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Ella Baker and the Black Freedom Movement: A Radical Democratic Vision: Discussion Guide

While this book is primarily a biography of black rights activist Ella Baker, it contains a wealth of
information on the organizations she was involved in. Baker was instrumental in shaping the
"black freedom movement" for several decades, beginning in the 30s. She played an invaluable
role in strengthening and defining the NAACP, King's Southern Christian Leadership
Conference, as well as the Student Non-Violent Coordinating Committee (SNCC). She cut her
teeth as a young organizer in Harlem, but as the civil rights movement gained momentum she
relocated to the South and joined the struggle for desegregation. These two selected chapters
document Baker's role in the formation and rise of SNCC between 1960-1964.

Chapter 8, "Mentoring a New Generation of Activists: The Birth of the Student Non-Violent
Coordinating Committee, 1960-1961" covers the emergence of SNCC out of the sit-in
movement and Baker's role in molding the organization. It also outlines some of the key
organizational and strategic question that SNCC founders struggled with.

Discussion Questions:

Why was it important for youth and students engaged in civil rights work to operate somewhat
independently of the NAACP and SCLC? What does SNCC's experience teach us about how
student activists should organize themselves and relate to other struggles in the current period?

On pp. 268-269, Ransby argues that internal disputes over electoral politics and how to orient
towards the Democratic Party threatened to tear SNCC apart. As the left continues to grapple
with these questions today, what lessons can be drawn from how SNCC confronted such these
issues?

What can Ella Baker's mentorship of younger activists, such as Bob Moses and Dianne Nash,
teach us about the struggle to build an inter-generational movement? How can more
experienced radicals impart their skills to younger activists, while still allowing youth to take the
lead in organizing themselves?

On p. 252, Ransby notes that Baker encouraged SNCC to spill out from the campuses and build
alliances with anti-racist movements in the community at large. How did SNCC balance the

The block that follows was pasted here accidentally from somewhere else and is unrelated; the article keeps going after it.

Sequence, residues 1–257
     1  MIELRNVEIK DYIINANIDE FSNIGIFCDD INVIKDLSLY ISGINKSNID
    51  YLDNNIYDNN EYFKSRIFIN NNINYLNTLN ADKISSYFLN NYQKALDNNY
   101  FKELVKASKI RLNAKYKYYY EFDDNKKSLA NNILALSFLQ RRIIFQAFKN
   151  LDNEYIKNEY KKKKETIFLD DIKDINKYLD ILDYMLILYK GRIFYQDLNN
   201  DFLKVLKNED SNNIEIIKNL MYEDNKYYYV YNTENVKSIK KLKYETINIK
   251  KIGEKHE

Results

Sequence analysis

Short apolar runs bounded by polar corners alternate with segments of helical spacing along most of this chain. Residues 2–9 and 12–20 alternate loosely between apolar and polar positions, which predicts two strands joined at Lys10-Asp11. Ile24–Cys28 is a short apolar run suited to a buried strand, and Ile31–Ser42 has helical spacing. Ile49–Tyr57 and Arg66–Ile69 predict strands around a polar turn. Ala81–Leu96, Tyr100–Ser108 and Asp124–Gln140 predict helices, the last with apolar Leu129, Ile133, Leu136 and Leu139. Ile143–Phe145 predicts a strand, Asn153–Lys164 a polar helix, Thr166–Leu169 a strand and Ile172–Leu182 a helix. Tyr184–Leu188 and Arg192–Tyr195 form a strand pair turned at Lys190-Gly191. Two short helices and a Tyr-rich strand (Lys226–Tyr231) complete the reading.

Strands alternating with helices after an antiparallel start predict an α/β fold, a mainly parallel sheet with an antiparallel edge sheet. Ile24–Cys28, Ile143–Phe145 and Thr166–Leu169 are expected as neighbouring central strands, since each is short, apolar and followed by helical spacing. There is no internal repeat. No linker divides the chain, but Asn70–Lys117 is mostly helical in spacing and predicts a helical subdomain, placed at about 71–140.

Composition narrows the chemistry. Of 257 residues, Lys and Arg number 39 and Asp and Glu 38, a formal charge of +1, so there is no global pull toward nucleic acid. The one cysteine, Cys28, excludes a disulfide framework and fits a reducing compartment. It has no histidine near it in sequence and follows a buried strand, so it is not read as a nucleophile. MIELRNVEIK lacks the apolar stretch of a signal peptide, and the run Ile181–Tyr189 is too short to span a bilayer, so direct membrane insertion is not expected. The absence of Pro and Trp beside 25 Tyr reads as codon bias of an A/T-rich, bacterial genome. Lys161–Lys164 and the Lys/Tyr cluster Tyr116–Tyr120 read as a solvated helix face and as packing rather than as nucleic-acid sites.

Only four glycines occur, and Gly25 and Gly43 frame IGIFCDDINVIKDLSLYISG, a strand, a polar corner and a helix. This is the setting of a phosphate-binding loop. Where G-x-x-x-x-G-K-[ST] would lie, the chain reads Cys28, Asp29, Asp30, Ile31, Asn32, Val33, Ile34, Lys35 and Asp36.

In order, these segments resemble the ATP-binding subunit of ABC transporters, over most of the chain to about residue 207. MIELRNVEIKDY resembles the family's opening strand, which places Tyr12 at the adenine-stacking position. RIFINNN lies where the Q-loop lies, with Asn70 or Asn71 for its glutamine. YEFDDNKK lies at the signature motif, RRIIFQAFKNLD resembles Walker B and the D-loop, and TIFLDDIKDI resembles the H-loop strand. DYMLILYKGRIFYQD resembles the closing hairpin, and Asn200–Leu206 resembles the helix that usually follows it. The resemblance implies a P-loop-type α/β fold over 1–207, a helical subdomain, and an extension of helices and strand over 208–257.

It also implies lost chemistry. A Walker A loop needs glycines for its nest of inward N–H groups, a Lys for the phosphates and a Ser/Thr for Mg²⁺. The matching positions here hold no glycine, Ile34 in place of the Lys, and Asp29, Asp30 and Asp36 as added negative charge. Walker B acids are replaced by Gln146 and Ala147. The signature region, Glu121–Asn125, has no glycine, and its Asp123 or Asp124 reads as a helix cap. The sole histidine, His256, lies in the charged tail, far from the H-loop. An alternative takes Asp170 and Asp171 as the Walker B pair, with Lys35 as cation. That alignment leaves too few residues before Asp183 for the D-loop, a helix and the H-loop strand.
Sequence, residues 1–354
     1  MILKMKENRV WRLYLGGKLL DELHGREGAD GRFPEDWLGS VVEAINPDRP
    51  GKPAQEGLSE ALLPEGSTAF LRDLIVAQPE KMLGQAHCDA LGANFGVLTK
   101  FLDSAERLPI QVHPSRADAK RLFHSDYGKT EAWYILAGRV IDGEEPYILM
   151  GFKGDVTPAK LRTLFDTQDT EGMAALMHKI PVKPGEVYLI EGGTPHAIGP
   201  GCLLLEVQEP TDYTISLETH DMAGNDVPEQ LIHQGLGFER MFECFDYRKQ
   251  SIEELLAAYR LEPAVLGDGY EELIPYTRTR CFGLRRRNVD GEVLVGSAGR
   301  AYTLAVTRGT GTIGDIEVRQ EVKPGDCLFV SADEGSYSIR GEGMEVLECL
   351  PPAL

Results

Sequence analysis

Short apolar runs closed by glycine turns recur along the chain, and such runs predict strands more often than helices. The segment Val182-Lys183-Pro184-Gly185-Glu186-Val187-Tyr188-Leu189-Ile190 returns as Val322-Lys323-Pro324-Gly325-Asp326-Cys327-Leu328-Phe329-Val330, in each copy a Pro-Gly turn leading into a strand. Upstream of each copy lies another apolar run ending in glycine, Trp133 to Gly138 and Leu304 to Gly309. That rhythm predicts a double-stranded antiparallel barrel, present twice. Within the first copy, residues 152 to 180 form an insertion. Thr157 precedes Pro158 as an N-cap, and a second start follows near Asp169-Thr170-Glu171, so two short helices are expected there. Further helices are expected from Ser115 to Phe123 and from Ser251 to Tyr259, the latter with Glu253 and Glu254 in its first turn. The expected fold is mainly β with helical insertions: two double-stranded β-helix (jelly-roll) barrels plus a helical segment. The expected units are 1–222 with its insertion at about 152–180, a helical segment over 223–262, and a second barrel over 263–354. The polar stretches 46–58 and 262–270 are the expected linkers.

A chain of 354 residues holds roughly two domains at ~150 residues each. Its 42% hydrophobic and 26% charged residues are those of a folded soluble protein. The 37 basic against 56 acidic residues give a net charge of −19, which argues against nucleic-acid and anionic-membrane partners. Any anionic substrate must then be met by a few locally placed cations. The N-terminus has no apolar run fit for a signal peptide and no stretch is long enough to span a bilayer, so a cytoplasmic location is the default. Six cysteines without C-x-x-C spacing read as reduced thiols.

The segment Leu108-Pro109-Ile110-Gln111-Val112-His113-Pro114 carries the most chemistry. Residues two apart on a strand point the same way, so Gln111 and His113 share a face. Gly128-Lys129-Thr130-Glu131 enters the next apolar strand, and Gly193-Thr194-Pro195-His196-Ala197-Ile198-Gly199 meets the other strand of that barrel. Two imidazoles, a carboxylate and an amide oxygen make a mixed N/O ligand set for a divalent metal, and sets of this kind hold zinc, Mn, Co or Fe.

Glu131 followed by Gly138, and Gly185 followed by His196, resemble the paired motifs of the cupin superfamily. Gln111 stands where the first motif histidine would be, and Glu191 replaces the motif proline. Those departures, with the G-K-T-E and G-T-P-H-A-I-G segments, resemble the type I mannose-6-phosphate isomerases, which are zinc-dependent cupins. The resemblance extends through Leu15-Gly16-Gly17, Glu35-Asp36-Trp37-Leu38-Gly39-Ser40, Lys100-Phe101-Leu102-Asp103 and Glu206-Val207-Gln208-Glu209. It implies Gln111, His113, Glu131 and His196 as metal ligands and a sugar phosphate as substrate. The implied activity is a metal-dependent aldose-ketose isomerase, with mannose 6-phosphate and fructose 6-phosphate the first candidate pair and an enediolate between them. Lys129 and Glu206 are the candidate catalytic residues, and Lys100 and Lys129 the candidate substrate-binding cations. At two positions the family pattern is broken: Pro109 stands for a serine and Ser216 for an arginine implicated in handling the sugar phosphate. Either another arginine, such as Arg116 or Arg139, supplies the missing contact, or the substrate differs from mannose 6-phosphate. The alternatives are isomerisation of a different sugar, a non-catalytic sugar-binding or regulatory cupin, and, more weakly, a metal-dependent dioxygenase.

tasks of both building itself as an organization as well as strengthening broader social
movements in its formative years?

Chapter 9, "The Empowerment of an Indigenous Southern Black Leadership, 1961-1964",
covers SNCC's growth from a campus-based group into an organization active in numerous
communities across the South. Ransby documents SNCC's ambitious campaigns during this
period, such as its role in the tenant farmer's struggle in Fayette County, Tennessee.

Discussion Questions:
Do you think SNCC activists tried to assert too much control over the tenant farmer's struggle in
Fayette County? In what ways can outside activists avoid exercising too much authority over
people in local struggles and what positive support roles can they fulfill instead?

How did Baker and SNCC's organizational approach, tactics, and overall strategy differ from
those of King and the SCLC? Specifically, how did SNCC and SCLC diverge in regards to
working within the legal system and other established institutions?

In what ways did Ella Baker exert informal leadership within SNCC? What are some of the
potential problems of informal leadership and how can we hold people in positions of
accountable in our own movements and organizations?

How did the patriarchy of broader society influence the organizational culture of SNCC? In your
own experience, how does gender continue to undermine work in social movements and
organizations?

Ransby illustrates that the drive towards "red-baiting" within SNCC and other organizations was
largely prompted by fears of losing grant and foundational money. How can over-dependence
on institutional sources of funding compromise a movement or organization's goals and values?